Blog by Beebe Cline

<< back to article list

8 Wonderful Ways to Splurge With Silk

Silk's origins make for an enchanting history. As the story goes, a Chinese empress was sipping tea under a mulberry tree when a silkworm's cocoon fell into her cup and began to unravel into a beautiful shimmering thread. Since then the Chinese have used silk fabric for clothing, arts and decor.

The fabric has become a staple in the home for lampshades, rugs, draperies, upholstery, wallpaper, art, pillows and much more. The intensive production process makes this a treasured and expensive textile, although it has come down in price over the years. Today most silk averages $25 to $45 per yard.

See if any of these wonderful examples of silk in today's homes would work for you.
Wall coverings. Silk wall coverings add elegance to any room — and often fall into the ecofriendly category as well. Wolf Gordon's silk is antimicrobial, antibacterial and rapidly renewable, plus it has a low carbon footprint and contains recycled content.
Window treatments. The look of silk window treatments cannot be duplicated by imitation silks. To achieve the luxurious effect shown here, the draperies need to be lined with flannel. There are several reasons for lining: The draperies look better and hang fuller, with a magnificent, rich and abundant look; the lining protects the silk from the sun, making it last longer; and lining also provides a good insulation layer.

See more about drapery linings
Lighting. A silk shade gives this ceiling light a lovely glow. Pure silk shades are obviously much more expensive than synthetic ones, but they add a layer of richness.
Rugs. When silk is woven into a wool rug, its unique sheen contrasts beautifully with the wool and gives the rug a soft hand. Silk's prism-like fibers reflect light at multiple angles.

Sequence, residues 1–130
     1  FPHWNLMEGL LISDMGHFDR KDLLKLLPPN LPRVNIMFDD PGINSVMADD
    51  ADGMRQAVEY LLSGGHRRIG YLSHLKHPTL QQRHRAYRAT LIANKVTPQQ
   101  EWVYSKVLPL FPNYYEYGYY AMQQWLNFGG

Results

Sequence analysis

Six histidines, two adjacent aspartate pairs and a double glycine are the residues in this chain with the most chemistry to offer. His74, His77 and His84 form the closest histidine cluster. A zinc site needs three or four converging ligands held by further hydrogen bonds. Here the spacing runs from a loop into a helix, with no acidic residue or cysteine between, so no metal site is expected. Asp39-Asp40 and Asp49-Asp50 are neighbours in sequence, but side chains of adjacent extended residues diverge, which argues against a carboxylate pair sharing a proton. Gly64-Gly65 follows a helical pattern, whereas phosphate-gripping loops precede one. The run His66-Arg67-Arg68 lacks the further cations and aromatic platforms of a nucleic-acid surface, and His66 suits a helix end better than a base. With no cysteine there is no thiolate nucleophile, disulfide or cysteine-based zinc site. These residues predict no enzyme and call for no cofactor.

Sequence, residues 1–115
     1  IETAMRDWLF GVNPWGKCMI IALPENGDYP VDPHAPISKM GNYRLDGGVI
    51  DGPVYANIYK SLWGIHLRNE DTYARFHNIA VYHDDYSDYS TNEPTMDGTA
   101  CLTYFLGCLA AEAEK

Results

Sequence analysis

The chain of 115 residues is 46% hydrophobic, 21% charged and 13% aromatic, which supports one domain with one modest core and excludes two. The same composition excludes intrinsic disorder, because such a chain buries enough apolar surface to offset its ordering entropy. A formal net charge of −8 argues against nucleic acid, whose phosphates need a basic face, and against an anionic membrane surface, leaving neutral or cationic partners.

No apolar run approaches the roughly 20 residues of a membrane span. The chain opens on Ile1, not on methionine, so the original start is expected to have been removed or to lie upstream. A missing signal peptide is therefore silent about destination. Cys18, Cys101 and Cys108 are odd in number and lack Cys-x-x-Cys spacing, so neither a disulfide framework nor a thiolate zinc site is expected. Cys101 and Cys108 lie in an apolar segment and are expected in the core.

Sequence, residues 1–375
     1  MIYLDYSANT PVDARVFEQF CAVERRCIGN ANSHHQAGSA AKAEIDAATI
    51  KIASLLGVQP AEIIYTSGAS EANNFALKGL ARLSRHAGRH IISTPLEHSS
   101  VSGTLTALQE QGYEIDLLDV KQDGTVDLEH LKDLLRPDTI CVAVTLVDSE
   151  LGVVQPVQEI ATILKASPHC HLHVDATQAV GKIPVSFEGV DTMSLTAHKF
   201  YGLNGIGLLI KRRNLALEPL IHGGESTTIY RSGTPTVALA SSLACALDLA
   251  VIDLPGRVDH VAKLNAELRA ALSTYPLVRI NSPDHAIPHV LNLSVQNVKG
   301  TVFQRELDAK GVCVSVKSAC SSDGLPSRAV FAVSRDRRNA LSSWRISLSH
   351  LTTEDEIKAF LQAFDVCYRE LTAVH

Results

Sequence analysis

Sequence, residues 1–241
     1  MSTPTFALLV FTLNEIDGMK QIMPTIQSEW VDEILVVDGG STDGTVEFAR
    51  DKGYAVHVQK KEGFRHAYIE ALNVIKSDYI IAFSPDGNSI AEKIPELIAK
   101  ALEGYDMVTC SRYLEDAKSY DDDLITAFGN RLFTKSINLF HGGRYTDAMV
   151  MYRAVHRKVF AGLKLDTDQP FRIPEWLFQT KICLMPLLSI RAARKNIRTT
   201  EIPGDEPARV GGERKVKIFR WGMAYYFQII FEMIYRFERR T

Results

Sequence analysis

Upholstery. Historically, French bergére chairs were upholstered in silk. Silk can be delicate, so you may want to have a backing applied when using it for upholstery. Silk also stains easily, so don't use it in eating spaces or heavily used areas.
Silk velvet. Silk thread woven into velvet was once so expensive, only royalty could afford it. It is still expensive today, averaging $200 per yard. Silk velvet has a lovely soft drape and a shimmering surface. The fabric is so soft that the nap crushes easily, leaving a mark or impression — a feature that identifies the velvet as being made of silk. For this reason, never iron silk velvet, as it will crush the fibers and leave an imprint that often cannot be removed.
Art. Silk's jewel-like appearance works well for art and tapestries. Avoid hanging silk art where the sun will hit it, because it will fade. For framing silk, use museum glass to preserve the silk best.
Pillows. Silk has a luxurious, sensual feel that makes it a great fabric for pillows in the living area or bedroom. It can be washed in cold water and air dried, but it will fade, so dry cleaning is recommended. Some fabric protectant sprays will prevent soil and stain penetration, but be sure to test the spray on an inconspicuous area first.